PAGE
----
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Here are a few thoughts on what it takes to be a good consultant (something I work at everyday):

Consulting is generally filled with smart people. I mean that in the high IQ, “Gee, s/he is really smart” kind of way.  That is one thing to keep in mind if you think you want to be a consultant.  If you are not “smart”, you probably won’t make it.

Here is why:  The premise of consulting is that you are going to tell an experienced executive (15+ years of experience, and many rungs up the corporate ladder) something they don’t already know about their own business.  That is hard to do. It requires you to be able to learn as much as possible about their business in a very short period of time, and then share insights that the executive didn’t already know by applying things you’ve learned from other projects (even though they may not be that similar).  This type of quick learning and fluid intelligence is precisely what “smart” people are good at.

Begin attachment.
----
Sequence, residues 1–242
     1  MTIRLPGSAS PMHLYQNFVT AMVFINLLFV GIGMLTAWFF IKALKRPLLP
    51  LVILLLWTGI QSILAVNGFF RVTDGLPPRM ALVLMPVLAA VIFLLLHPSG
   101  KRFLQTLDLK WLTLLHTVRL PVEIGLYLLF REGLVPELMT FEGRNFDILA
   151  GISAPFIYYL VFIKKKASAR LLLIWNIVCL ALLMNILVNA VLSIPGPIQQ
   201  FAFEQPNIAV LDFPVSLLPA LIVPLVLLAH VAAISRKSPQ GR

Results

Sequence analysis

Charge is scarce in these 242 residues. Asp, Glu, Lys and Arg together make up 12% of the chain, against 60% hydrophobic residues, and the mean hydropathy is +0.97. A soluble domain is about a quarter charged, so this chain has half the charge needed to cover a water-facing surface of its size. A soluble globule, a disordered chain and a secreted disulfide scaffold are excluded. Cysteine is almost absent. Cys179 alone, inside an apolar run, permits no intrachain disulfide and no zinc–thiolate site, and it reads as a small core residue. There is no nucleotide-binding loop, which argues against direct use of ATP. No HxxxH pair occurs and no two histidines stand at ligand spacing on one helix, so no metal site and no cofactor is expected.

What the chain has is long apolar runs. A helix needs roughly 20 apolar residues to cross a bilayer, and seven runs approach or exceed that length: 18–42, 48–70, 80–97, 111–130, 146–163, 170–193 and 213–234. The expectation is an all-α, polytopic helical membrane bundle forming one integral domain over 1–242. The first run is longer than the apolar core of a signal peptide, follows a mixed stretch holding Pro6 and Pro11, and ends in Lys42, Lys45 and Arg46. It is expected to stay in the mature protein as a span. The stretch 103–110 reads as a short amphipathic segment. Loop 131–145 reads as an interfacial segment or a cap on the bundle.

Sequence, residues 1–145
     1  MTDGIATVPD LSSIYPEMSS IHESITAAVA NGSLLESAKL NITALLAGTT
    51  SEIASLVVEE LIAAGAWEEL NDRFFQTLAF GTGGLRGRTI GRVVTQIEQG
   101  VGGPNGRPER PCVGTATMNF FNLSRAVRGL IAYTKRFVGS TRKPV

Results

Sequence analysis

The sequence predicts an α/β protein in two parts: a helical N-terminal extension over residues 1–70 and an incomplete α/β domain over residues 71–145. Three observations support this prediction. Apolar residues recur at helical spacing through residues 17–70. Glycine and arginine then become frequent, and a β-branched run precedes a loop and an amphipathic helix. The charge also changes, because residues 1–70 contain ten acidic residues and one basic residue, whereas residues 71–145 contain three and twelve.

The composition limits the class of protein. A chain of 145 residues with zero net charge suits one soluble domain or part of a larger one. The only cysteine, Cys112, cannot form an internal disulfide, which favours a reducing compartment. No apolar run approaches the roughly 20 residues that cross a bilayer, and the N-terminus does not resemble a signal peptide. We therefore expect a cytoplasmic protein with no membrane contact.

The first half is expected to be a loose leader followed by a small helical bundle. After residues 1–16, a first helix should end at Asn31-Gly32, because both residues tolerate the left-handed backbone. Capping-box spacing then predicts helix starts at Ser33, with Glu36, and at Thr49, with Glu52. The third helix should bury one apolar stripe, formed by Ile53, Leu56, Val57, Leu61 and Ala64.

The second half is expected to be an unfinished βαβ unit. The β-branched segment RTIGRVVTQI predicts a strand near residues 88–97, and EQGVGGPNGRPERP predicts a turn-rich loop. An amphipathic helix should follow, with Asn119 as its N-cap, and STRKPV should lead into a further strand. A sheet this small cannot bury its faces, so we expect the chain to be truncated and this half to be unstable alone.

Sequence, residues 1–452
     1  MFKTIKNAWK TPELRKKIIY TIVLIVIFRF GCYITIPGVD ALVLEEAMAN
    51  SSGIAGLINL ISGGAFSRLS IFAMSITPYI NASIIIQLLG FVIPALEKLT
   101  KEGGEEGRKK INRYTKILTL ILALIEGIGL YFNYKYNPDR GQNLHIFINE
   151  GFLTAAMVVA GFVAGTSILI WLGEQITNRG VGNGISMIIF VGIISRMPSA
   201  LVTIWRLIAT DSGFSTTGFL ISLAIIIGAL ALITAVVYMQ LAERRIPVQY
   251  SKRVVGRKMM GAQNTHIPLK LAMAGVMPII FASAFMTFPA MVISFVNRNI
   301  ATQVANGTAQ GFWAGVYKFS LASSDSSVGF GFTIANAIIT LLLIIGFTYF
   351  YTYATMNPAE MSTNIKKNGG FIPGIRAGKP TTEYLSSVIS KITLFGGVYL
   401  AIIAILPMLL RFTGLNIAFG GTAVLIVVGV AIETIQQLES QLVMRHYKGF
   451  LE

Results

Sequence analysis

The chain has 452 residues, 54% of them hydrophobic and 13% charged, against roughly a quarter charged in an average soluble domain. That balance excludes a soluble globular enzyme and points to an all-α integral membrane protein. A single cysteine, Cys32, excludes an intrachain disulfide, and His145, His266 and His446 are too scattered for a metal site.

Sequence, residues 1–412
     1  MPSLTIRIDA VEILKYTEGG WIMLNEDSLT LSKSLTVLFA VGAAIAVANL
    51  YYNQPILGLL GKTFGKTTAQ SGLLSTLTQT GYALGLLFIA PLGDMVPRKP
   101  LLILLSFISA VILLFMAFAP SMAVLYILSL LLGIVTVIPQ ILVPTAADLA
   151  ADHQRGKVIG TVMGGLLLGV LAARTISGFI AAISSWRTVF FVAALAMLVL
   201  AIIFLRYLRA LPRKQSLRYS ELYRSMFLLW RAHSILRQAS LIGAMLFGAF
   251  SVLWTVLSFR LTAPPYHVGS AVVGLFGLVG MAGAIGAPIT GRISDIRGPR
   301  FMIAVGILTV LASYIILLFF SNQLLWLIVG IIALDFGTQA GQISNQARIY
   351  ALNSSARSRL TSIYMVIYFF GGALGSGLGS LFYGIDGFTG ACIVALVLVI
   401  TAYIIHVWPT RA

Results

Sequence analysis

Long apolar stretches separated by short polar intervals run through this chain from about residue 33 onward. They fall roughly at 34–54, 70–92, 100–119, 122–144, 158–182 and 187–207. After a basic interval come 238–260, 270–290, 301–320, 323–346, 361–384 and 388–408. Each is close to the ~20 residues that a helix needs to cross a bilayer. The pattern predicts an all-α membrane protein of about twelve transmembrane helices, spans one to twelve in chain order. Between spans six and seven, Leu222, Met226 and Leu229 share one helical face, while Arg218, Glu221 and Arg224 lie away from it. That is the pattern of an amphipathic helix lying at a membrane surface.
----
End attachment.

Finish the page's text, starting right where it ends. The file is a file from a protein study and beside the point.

Consulting is generally filled with social people.  If being smart weren’t hard enough, you must also be very social to be a good consultant.  Good consultants are “Trusted Advisers”.  Who is the most trusted adviser in your life?  It is likely your best friend or a family member….someone intensely personal to you….someone you trust and like.  As a consultant you must be both expert and trusted.  Expert requires intelligence.  Trusted requires social skills and strong ethics.

Being both socially adept and very smart is hard to do. How many really smart people do you know?  How many of them are also socially awkward?  Being a good consultant requires an almost Goldilocks-like balance of smart and social since the two are often inversely related.